Genotypic expression was shown to depend upon the percentile of the phenotype distribution for GRSs representing the combined effects of 31 to 52 loci. Although a few SNPs had large effects, the majority of the GRSs represented the sum of a large number of small to moderate size effects. Averaging over different genotype-phenotype relationships within each GRS, some increasing, some decreasing, and some showing no difference across the phenotype's quantile distribution, might be expected to cancel each other out, converging to the classical statistical model of the same slope throughout the phenotype distribution, but this was not observed. Although we lacked the statistical power to assess this phenomenon for individual SNPs, their collective effect in the GRS suggests that the majority of their individual effect must also be quantile dependent. Moreover, we demonstrated that the phenotypic expressions of the two SNPs with the strongest association with their trait (i.e., rs3764261 vs. HDL-cholesterol, and rs1558902 vs. BMI) increased significantly with the percentile of the trait distribution.

Proportion of the variance explained

Considerable effort and expense has been spent on identifying the associations between SNPs and traits that individually usually explain very small portions of the phenotypic variance [1], [4]. However, the combined influences of multiple SNPs into genetic risk scores have begun to approach the contribution of other risk factors. Standard regression analyses captured much of the phenotypic effect associated with the genotypes examined in this report. However, our analyses suggest that allowing the genotype's phenotypic expression to vary with the percentile of the trait distribution significantly increases the proportions of phenotypic variances explained. Allowing the rs1558902-BMI slope to increase by 1.8127*BMIquantile-0.27054 for each percent increase in the BMI distribution produced a larger increase in the percent of the BMI variance explained than did the addition of all 31 other SNPs currently associated with BMI at genome-wide statistical significance.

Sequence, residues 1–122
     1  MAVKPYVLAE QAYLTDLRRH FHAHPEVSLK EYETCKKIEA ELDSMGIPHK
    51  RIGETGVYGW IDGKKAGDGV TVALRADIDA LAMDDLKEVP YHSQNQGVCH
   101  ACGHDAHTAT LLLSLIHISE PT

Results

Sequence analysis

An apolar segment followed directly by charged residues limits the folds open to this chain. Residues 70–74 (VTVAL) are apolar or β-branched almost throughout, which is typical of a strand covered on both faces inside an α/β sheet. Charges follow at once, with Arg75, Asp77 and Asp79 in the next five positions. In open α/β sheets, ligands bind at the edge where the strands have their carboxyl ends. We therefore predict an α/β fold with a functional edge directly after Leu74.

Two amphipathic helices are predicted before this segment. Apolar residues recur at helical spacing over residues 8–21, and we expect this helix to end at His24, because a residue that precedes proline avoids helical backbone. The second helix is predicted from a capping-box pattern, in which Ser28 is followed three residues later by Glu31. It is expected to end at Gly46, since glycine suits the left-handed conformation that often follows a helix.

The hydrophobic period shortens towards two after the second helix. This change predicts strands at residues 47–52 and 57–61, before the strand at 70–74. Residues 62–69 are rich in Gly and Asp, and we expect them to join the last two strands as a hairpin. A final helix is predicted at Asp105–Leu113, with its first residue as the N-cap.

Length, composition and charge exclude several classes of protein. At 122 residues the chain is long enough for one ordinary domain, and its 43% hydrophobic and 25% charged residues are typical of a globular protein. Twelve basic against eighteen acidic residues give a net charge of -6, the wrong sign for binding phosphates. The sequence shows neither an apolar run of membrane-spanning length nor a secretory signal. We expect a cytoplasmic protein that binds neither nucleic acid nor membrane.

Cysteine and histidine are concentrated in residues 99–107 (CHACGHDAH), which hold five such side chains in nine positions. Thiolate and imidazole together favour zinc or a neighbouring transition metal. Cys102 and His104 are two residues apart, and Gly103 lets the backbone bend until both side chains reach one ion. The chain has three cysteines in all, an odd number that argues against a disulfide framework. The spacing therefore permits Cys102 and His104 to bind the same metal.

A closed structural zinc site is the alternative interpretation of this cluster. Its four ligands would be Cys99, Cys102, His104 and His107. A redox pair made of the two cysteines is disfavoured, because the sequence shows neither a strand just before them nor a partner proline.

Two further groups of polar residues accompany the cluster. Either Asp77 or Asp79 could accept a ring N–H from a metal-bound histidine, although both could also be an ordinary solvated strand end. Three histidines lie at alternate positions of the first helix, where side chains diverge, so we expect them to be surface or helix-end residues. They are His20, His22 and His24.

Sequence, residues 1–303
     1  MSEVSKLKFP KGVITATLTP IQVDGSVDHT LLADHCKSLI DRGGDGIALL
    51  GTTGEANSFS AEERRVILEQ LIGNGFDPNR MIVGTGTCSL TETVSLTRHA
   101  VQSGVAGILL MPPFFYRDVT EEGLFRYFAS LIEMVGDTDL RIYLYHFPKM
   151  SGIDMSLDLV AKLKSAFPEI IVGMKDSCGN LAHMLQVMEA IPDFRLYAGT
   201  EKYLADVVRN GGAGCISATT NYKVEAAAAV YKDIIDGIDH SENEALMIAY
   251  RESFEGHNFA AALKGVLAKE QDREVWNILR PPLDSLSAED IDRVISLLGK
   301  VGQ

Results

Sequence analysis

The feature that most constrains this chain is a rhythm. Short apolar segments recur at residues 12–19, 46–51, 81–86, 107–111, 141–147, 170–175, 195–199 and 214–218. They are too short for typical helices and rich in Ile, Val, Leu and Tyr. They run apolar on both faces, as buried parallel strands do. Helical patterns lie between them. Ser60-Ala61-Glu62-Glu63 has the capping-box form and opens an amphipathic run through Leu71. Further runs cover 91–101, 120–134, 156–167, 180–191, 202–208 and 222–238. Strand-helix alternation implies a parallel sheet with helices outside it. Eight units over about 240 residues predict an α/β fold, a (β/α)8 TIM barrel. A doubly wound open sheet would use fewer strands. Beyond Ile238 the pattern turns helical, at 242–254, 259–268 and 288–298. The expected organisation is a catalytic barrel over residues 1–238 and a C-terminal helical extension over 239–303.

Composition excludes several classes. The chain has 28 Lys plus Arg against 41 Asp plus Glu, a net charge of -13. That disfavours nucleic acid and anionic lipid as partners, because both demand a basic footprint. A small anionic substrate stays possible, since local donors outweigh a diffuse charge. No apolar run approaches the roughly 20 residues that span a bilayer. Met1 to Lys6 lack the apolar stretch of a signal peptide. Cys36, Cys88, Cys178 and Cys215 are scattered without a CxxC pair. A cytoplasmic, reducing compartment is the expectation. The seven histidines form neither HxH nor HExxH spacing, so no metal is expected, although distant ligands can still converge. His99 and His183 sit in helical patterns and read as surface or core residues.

Gene-environment interactions

Gene-environment interactions are surmised when the phenotypic expression of a genetic variant is altered by environmental status. It has been proposed that such interaction may contribute to the missing heritability [4]. However, if the phenotypic expression of a genotype is quantile dependent, then an environmental factor affecting the phenotype might increase or diminish the expression of the genotype. This would follow from the relationship of the genotype's effect to the percentile of the phenotype, rather than directly affecting the genotype's expression (Figure 6).

Figure 6. Suggested interpretation of quantile-dependent penetrance and gene-environment interaction.